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  • Should You Maintain an Allocation to Bonds When Current Rates Are Low?

    by Craig Israelsen

    The performance of bonds is related to movement in interest rates. Those two phenomena are related—that much we know. How tightly they are related is a pertinent question at this point in time.

    This article reviews how interest rate movement and bond returns have been related to each other since 1948. In addition, bond performance is considered in the context of an overall, multi-asset portfolio and not simply as a stand-alone asset. Finally, the performance of various portfolios in the “distribution phase” is examined, the phase when money is being systematically withdrawn from a portfolio. Bonds are typically included in distribution portfolios.

    The Road Behind

    Over the past 65 years (1948–2012) interest rates have risen, and then fallen. During the 34-year period 1948–1981, the Federal Reserve’s discount rate increased—not every year, but as a general trend. In 1948, the Federal Reserve’s discount rate was 1.34% and by 1981 it was 13.42% (see Figure 1). During this time frame of rising interest rates, the 34-year average annualized return for U.S. bonds was 3.83%. The year-to-year performance of U.S. bonds is represented by the vertical bars. U.S. bond performance is represented by intermediate-term U.S. government bond returns from 1948 to 1975 and the Barclay’s Capital Aggregate Bond Index returns from 1976 to 2012.

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    Craig Israelsen Ph.D., teaches as an executive-in-residence in the Personal Financial Planning Program at Utah Valley University in Orem, Utah. He is also the developer of the 7Twelve Portfolio (www.7twelveportfolio.com) and the author of three books, including “7Twelve: A Diversified Investment Portfolio With a Plan” (John Wiley & Sons, 2010).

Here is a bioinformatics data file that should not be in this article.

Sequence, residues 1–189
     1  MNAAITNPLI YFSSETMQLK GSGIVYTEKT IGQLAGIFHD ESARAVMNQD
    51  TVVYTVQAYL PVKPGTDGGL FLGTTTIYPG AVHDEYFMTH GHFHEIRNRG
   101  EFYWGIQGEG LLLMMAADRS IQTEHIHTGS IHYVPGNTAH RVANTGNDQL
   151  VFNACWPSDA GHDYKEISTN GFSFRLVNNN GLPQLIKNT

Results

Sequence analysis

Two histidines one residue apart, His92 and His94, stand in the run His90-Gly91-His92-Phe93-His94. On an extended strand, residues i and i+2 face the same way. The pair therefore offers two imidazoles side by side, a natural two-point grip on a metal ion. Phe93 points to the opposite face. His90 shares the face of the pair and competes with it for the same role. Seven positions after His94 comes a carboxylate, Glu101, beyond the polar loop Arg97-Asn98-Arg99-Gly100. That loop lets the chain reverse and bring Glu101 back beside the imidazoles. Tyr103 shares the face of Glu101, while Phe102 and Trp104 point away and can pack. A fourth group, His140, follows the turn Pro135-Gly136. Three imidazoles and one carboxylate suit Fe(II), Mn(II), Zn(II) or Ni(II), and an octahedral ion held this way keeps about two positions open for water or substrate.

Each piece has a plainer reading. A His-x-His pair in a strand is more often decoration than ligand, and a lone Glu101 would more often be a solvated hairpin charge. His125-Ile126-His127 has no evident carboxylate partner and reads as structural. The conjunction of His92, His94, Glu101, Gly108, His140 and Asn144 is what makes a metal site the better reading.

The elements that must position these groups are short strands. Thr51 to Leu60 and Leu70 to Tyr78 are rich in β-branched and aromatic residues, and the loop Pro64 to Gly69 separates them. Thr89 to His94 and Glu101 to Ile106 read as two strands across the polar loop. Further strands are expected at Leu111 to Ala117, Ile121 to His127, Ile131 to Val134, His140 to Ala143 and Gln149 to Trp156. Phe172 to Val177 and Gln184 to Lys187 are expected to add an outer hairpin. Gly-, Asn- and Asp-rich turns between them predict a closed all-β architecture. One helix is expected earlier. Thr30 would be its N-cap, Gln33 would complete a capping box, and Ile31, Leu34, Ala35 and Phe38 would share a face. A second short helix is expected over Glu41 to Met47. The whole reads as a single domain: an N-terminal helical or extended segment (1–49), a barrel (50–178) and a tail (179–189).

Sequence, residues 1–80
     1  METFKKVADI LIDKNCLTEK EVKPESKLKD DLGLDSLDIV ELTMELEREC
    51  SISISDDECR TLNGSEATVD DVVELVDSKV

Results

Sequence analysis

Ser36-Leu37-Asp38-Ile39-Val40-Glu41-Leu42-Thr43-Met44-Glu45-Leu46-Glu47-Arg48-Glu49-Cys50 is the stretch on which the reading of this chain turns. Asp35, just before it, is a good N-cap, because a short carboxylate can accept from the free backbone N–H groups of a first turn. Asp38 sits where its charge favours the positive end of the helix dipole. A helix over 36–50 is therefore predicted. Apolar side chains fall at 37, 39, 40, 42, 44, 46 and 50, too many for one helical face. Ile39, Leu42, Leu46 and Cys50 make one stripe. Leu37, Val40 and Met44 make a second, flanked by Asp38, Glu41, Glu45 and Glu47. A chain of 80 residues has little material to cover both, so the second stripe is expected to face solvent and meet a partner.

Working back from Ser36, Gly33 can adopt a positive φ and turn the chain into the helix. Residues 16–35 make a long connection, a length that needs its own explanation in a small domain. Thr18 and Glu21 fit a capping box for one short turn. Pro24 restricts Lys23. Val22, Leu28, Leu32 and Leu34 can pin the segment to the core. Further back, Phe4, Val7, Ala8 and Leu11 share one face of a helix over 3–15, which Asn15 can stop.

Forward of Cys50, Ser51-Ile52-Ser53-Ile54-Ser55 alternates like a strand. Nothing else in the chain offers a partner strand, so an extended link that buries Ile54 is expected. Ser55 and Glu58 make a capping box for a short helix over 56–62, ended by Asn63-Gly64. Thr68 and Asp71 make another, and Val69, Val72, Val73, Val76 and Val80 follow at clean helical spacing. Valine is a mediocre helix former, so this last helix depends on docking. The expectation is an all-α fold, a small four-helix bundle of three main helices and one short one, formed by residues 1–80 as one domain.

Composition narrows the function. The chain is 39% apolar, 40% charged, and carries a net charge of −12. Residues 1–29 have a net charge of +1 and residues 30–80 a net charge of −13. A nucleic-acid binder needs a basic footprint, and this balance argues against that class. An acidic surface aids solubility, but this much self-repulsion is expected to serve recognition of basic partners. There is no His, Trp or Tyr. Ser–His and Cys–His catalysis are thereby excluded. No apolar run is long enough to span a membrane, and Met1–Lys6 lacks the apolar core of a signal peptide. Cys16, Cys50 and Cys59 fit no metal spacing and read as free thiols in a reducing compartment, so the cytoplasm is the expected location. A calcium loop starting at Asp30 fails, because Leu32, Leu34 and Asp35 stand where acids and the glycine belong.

caesark from MO posted over 3 years ago:

    The early baby boomers who invested aggressively during the 80s and 90s and then survived Y2K began to focus like a laser beam on a safe, sound and "cushy" retirement at the start of the century. Then, the "wheels came off the chariot" as the two worst bear markets in their adult life began to play before their eyes. Portfolios that remained heavily concentrated in equities were absolutely devastated. Retirement goals were delayed and/or devalued. As a boomer who has studied asset allocation over the past 14 years, I have developed a sense of peaceful tranquility with respect to a very diversified portfolio similar in nature to that constructed by the author of this article. The bottom line is - as one well known CNBC market madman has occasionally shouted - "a diversified portfolio is the only free lunch in the world of investing"

    Harry Rich from OH posted over 3 years ago:

    Speaking as a pre-baby boomer who was mostly in equities in both bear markets it didn't go that badly. Of course my investments were a supplement rather than a substitute for lifetime income, or I would have been more diversified.

    However, we are heading into unprecedented territory. The more people in the world join the middle class and the more efficiently we meet their needs, the less reason there is to expect the sort of economic growth which has existed for all of my lifetime, and the less reason there is to believe the next bear stock market will climb all the way back up.

    So, now, the real question is not whether, but how best to hedge my bets. I even have some Treasury zeroes in the mix.

    Chris from Vermont posted over 3 years ago:

    I am always skeptical of reports such as this. The devil is in the details: which mutual funds or ETFs were used? Were they chosen retrospectively to maximize the gains of this "7-twelve" portfolio (with its for-profit web site)? How did management fees and transaction costs detract from this performance?

    Overall, I wish the AAII editors had asked these questions prior to publication.

    Chris Johenning from OH posted over 3 years ago:

    To me, an annnuity has place in the diversified portfolio - Why do you not include this asset class? Chris J

    Thomas Potter from NJ posted over 3 years ago: